The coming-of-age genre is ever-popular in both literature and cinema, and an author or film director generally likes to tackle this subject early in their career. But Paolo Sorrentino, who first came to international prominence with his “La Dolce Vita”–esque picture “The Great Beauty,” has chosen to do this autobiographical story of his youth 20 years after he made his first feature.
It might be hoped that the passage of time could give him some fond or melancholy distance from such material, but Sorrentino serves up his memories in an unappealingly inert and flat manner.
The bluntness of tone in Sorrentino’s “The Hand of God” is reflected in the facile and careless way it is made: In the opening shot of the movie, the camera moves forward fairly swiftly across water and takes in Sorrentino’s home city of Naples before smoothly turning back around to look at the sea. This calls to mind the famous last shot of Michelangelo Antonioni’s “The Passenger,” much to Sorrentino’s detriment.
It is much easier to achieve an effect like this for Sorrentino now than it was for Antonioni in 1975, but it was partly the extra effort involved that makes the Antonioni shot so moving and such a milestone in film history. Sorrentino’s long opening shot in “The Hand of God,” by contrast, is just a slight of hand that is quickly abandoned for a thudding, non-invisible editing style in which every cut is so definite that it feels like Sorrentino is moving the narrative forward the way kids do when they play kick the can.
Callow protagonist Fabietto (Filippo Scotti) is always looking with longing at his beautiful and mentally unstable Aunt Patrizia (Luisa Ranieri, “Letters to Juliet”), but he tends to look with frozen longing at just about everyone and everything here, and sometimes even other people in the movie find this annoying. The anti-social Signora Gentile (Dora Romano, “My Brilliant Friend”), who always wears her fur coat, even in hot weather, and munches uninhibitedly on big balls of ricotta cheese, at one point tells Fabietto to stop staring at her: “Don’t look at me, there’s nothing to see,” she insists. Sorrentino should be out to prove her wrong, but instead, he only winds up confirming what she says.
Fabietto wants to be a film director, and so both he and Sorrentino place an emphasis on looking as a pre-requisite of this vocation, which it is — but looking and perceiving what you are looking at are two different things, and Sorrentino just gawks unreflectively at people with his camera and has Fabietto stare at them in point-of-view shots without ever seeing what makes them who they are.
Aunt Patrizia is first shown in a white dress so tight that it makes it clear she is not wearing a bra, and she gets her rear end grabbed by a man who claims he can stimulate her fertility; when her husband attacks her, he tears part of her dress so that one of her breasts pops out, and Fabietto stares at it with his signature open-mouthed longing. Patrizia sunbathes nude on a boat as her entire family sits on the other end and looks uncomfortable, lustful, or disapproving; much later, she is seen in a madhouse and speaks to Fabietto about wanting to be his muse when he becomes a movie director.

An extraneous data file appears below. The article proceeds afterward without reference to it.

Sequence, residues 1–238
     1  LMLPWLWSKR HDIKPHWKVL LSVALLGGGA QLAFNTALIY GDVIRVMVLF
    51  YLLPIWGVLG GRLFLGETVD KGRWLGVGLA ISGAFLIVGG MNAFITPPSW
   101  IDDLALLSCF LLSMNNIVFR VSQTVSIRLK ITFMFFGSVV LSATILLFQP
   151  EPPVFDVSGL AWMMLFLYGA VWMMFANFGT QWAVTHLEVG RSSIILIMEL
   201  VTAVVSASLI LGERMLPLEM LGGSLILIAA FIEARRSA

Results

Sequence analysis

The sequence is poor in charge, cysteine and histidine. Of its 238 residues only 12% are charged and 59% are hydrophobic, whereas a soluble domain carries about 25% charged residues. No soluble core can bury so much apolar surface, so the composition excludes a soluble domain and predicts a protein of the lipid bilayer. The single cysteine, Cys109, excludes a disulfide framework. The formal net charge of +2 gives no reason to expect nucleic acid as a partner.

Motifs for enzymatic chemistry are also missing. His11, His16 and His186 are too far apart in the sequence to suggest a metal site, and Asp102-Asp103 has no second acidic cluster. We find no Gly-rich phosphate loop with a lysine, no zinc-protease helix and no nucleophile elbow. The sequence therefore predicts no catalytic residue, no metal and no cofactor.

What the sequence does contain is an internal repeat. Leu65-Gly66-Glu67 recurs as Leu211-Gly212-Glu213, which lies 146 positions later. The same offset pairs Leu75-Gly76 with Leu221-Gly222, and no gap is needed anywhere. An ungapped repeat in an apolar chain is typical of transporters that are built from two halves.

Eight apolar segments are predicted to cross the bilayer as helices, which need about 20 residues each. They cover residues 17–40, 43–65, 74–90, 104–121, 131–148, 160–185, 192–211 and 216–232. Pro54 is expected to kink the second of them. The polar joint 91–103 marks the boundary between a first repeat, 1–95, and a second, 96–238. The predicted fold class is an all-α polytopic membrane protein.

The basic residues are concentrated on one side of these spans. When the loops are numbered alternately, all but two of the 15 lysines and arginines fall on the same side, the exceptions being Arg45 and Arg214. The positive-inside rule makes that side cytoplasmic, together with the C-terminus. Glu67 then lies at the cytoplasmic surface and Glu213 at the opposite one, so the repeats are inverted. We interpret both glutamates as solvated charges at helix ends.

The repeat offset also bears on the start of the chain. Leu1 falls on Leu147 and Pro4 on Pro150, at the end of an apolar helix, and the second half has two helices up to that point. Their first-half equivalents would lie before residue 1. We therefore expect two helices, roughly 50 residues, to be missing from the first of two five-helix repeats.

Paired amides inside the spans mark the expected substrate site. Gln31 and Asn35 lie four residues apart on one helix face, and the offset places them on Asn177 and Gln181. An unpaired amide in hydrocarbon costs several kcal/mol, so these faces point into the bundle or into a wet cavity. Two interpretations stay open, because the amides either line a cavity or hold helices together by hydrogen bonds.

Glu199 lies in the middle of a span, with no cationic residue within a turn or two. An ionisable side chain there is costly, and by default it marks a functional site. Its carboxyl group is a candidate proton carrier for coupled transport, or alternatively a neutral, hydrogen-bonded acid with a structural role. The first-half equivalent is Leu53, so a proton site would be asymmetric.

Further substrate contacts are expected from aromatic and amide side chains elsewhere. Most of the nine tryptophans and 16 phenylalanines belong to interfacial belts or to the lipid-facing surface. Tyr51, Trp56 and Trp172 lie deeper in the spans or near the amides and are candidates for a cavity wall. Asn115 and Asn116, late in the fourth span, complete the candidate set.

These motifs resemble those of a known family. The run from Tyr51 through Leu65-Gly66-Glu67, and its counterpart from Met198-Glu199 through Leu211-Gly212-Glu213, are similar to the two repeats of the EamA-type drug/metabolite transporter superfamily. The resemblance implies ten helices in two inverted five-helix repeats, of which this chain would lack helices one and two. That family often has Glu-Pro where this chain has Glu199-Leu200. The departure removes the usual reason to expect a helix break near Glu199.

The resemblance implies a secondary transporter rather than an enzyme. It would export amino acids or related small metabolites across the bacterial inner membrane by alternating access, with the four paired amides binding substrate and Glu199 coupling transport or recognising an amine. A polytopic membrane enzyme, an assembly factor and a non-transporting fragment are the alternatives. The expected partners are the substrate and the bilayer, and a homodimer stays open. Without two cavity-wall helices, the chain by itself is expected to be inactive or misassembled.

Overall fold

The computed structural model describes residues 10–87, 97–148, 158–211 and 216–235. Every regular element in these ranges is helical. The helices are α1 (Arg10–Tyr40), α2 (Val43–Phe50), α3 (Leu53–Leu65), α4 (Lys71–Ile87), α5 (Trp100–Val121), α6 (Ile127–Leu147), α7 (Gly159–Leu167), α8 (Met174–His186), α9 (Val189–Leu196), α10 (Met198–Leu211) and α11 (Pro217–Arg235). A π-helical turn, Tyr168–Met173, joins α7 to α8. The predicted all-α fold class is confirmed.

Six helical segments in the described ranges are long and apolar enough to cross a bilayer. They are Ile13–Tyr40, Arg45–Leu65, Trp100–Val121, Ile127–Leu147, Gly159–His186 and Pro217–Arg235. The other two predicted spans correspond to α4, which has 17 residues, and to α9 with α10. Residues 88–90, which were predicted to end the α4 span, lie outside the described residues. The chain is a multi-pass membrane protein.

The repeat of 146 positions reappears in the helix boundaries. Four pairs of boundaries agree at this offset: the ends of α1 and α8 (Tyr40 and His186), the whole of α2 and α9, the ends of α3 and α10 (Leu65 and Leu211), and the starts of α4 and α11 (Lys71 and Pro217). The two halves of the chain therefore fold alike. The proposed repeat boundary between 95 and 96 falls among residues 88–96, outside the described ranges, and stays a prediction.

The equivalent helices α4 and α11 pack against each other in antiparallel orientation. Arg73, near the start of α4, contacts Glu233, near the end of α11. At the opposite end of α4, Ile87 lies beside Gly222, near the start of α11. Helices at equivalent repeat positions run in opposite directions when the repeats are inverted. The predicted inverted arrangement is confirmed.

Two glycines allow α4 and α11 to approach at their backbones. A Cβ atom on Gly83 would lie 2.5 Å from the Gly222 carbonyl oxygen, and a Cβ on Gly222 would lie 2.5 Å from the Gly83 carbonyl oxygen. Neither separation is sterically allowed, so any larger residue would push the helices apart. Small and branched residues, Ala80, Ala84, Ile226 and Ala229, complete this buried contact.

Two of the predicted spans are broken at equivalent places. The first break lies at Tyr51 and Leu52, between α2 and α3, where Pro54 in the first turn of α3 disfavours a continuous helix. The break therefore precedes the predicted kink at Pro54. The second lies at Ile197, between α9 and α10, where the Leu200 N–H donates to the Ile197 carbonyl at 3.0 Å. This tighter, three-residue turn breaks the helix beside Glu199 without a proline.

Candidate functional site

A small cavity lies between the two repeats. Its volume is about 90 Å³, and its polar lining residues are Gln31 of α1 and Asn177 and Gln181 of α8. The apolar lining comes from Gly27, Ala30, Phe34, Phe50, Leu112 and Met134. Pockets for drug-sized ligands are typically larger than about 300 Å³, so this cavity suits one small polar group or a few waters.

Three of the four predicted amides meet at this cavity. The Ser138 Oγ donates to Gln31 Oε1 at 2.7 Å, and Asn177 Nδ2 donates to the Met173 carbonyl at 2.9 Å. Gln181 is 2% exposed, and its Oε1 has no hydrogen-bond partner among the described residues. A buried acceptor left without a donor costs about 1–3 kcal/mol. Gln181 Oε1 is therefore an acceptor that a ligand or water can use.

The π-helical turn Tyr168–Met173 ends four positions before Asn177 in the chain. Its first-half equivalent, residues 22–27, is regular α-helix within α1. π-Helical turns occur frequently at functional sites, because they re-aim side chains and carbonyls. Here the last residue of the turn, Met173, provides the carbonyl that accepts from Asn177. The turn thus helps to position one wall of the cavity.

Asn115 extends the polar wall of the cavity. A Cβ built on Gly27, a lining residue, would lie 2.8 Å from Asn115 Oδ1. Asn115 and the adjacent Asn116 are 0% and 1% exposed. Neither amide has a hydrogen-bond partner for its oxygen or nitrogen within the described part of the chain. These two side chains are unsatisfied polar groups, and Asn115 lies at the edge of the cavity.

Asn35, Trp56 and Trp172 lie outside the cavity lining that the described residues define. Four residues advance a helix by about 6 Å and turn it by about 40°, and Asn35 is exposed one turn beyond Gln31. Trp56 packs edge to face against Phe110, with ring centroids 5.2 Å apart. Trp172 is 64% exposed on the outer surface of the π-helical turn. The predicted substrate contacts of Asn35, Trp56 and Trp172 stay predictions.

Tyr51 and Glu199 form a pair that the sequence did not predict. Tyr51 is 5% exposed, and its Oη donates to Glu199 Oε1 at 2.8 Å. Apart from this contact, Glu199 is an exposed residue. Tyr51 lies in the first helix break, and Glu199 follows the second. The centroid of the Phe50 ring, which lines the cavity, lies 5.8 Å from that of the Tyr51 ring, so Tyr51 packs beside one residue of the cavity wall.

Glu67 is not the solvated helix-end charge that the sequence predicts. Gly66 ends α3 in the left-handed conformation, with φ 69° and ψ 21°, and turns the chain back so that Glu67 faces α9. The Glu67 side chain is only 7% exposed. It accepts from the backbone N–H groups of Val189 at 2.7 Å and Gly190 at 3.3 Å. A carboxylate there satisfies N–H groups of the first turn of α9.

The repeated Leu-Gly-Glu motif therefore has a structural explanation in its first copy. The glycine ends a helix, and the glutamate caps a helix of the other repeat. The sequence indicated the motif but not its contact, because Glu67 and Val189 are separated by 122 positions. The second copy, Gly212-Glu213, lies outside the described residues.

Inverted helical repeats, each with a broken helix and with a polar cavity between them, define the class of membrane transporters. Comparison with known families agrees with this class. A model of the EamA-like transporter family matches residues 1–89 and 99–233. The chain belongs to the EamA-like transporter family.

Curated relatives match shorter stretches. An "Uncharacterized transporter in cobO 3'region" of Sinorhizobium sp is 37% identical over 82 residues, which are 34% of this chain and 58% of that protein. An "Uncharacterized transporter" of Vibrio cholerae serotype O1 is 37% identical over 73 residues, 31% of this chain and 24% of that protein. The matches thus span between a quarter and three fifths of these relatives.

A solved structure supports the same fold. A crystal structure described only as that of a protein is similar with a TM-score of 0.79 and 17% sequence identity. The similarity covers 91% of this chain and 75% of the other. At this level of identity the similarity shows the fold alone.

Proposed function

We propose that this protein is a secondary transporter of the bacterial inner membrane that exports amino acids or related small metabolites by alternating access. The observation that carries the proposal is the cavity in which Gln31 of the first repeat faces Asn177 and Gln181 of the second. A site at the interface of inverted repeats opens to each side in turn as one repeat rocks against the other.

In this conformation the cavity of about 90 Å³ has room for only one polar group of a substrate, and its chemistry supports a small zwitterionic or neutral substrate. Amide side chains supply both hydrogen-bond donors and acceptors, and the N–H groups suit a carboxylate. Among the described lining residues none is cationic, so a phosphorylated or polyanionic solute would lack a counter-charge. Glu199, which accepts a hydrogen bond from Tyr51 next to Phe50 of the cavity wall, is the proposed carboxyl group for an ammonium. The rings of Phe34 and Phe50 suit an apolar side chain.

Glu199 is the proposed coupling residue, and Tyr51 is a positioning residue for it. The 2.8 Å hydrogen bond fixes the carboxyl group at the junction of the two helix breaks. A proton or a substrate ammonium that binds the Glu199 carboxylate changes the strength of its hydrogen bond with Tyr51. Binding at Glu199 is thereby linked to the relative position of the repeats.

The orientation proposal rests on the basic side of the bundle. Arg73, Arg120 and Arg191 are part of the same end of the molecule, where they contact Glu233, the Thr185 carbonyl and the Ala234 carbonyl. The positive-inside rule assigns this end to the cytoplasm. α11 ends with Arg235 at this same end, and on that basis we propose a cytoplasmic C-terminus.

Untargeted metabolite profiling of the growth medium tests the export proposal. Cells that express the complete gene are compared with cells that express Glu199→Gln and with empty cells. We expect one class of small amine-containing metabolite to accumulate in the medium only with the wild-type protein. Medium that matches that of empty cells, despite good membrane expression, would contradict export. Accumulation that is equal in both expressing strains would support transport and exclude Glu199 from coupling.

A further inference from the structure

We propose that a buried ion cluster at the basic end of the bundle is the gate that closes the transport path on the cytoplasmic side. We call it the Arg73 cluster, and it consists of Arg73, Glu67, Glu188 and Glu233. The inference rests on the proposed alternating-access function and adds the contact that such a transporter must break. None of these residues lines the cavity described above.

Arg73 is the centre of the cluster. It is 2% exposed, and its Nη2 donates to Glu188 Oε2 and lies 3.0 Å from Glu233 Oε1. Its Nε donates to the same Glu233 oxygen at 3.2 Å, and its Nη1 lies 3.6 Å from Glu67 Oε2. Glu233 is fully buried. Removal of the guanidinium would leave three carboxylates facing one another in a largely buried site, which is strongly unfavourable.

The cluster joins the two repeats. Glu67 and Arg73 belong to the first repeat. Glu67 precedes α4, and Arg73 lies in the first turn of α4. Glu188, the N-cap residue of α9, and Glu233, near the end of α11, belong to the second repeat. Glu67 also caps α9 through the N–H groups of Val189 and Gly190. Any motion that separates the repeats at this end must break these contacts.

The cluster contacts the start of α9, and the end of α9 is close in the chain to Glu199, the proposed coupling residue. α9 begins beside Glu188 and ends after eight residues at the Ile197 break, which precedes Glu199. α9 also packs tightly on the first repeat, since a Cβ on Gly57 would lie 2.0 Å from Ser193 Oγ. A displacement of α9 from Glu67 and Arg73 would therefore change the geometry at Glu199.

Aunt Patrizia is supposed to be a major character in “The Hand of God,” yet all we learn about her is that she is an exhibitionist, that she wants children, and that she might have some unspecified mental-health issues. This is the very limited way that Fabietto sees her, and Sorrentino also views her that way, with no attempt made to understand her on any but the most superficial level.
Sorrentino has no talent here for making scenes happen. There is a potential climax in the narrative where Signora Gentile is physically attacked during a moment of high drama, and this should feel shocking, but the high placement of the camera and the very unconvincing physical relationship between the actors makes it feel false and trivial.
A scene where Fabietto is deflowered by an older woman has the grotesque vibe of a Lina Wertmüller set piece, and Sorrentino leans on Fellini again by having Fabietto’s brother (the very appealing Marlon Joubert) audition for Fellini himself. Fabietto stares into the room where Fellini is doing his auditions (we do not see Fellini on screen but we do hear him) while a great number of headshots of women are looked through and pinned to a wall. Here, as elsewhere, Sorrentino adopts the sensibility of his young leading character: stunned, agog, but with no true sense of wonder.
There is no judgment at all of the personal material Sorrentino uses in “The Hand of God,” no attempt to shape it or dig deeper into it or see beyond the many cinematic reference points that either confine or shame the limits of this family story, which includes a very tragic fate for two of the main characters. Like Fabietto, Sorrentino looks and looks here, but he never truly sees anything.
“The Hand of God” opens in US theaters on December 3 and on Netflix on December 15.